Next is the latest in an ongoing process of plundering the works of Philip K. Dick. After the recent success of A Scanner Darkly, and by success I mean "bearing some resemblance to the work it is based on" as opposed to "box office", it looks like Next is another appalling piece of work like Paycheck. While I haven't read The Golden Man, so can't comment too much on how close it is to the original, I do know Dick's work in general well enough to make a fair guess that this isn't what he wrote. The idea of having seen the future and knowing how to react does indeed provide common ground between Paycheck and Next, and to a degree Minority Report also had that though it wasn't set in the present so there are less parallels there. However, while Paycheck was a mess, partly due to casting of Ben Affleck, and Next certainly looks to be a mess, I have to admit, I didn't think it was that bad.
Well ok, let me take that back, Next is bad. Nicholas Cage is a dreadful actor in general, and a dreadful actor here. But given the recent horror that was Ghost Rider, given the trailer/publicity for Next, it would be fair to expect this to be a truly bad film. Perhaps my expectations were lowered so much that it just wasn't as bad as I expected? Perhaps. But I did kind of enjoy it, though that was more down to the elements of precognition, some of the little effect scenes, and crucially the relationship between Cage and Biel. But hey, even if I say I kind of enjoyed it, even if I suggest its OK to sit and watch on a Saturday night, don't be mistaken and think I said it was actually good.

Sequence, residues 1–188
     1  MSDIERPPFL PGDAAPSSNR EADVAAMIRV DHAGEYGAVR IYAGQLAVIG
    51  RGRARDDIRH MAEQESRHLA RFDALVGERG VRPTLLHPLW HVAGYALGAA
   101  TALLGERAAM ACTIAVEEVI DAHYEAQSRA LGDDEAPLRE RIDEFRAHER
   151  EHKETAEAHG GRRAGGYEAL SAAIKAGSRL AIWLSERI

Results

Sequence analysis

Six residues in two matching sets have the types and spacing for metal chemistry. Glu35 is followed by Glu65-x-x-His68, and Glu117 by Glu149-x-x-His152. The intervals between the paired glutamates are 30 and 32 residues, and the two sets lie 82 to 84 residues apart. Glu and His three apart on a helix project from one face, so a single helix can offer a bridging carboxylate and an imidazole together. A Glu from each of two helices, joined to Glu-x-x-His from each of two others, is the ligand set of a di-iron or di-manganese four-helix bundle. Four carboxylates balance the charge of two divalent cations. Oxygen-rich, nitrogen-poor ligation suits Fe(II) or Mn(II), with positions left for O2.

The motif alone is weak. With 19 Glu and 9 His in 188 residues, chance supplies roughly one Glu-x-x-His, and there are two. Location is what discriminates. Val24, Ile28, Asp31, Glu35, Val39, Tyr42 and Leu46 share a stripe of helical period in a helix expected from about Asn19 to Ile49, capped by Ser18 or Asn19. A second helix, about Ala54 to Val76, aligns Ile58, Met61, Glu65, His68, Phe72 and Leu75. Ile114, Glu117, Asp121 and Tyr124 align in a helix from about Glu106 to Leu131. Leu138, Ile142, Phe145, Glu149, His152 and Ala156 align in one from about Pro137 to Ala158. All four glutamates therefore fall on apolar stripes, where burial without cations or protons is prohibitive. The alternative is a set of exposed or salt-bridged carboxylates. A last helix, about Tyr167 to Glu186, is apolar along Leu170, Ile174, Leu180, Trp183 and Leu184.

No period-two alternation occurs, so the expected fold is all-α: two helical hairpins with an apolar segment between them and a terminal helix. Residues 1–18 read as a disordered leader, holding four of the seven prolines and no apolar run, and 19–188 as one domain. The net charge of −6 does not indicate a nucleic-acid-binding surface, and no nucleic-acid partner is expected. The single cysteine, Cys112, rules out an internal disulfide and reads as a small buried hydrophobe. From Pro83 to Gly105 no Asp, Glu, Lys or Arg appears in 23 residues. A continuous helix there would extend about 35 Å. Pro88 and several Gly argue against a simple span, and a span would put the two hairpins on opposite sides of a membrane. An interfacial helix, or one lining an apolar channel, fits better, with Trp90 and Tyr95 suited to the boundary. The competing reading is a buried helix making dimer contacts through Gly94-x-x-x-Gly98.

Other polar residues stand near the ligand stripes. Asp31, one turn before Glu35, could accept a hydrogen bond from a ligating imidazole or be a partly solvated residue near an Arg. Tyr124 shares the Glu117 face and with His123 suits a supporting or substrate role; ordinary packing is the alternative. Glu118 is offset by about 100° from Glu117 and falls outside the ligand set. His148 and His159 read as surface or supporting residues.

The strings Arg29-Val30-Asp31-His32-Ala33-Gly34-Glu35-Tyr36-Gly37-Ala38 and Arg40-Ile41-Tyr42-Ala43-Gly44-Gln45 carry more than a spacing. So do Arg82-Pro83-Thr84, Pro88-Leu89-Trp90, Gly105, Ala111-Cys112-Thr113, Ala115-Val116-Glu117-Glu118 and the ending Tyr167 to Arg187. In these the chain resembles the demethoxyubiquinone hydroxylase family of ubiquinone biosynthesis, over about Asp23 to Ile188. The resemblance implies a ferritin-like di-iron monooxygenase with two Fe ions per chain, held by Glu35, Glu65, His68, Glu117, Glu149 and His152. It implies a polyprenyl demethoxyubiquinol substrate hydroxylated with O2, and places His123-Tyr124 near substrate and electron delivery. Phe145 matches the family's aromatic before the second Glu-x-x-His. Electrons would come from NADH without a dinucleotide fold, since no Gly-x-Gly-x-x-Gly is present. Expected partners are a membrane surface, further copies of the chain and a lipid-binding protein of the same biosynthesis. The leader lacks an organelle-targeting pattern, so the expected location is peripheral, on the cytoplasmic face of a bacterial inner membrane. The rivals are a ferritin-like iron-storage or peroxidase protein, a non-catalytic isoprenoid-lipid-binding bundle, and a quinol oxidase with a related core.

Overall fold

Title:The Uncertain Guest [El Habitante Incierto]
Cast: Andoni Gracia, Mónica López, Francesc Garrido, Agustí Villaronga, Minnie Marx, Pere Abello, Fina Rius, Xènia Gausa
Félix is an architect and he has converted an old house to meet his vision, but in the time that has taken he has become estranged from his girlfriend. She has moved out, though the house is still cluttered with her stuff. The house makes all kinds of noises, but Félix never notices those, until one night a stranger comes to the door. The stranger asks to use his phone, explains it’s an emergency. Reluctantly Félix agrees, and when pushed he waits in the kitchen giving the man privacy. Félix is stressed out by everything that has been going on, edgy and uncomfortable with a stranger in the house, he storms back through to see what is taking the man so long. The stranger is gone.
Did the stranger leave? Or is he hiding somewhere in Félix's large old house? Félix lies awake in bed, listening to every sound the house makes, convinced that there is a stranger in here with him. He jumps at shadows, phones the police to report them, persuades his ex to humour him and spend the night. Nothing helps, there is no firm evidence that there is anyone in the house, but Félix is increasingly unstable regardless. Reaching a crisis point, things get messy; Félix flees the house, sleeps in the car, convinced that he has trapped someone in there. But from here, the tables are turned.
The Uncertain Guest played as part of the annual Spanish Film festival in the UK. The film is mixed, by turns tense and atmospheric thriller followed by absurd comedy. The viewer should be able to work out certain things as they happen, but that only adds a weight to the film's climax. Knowing that it is only a matter of time, the comic material becomes increasingly creepy and soon enough the horror is revealed. An enjoyable and well done work - small cast and understated setting pulled off for strongest effect.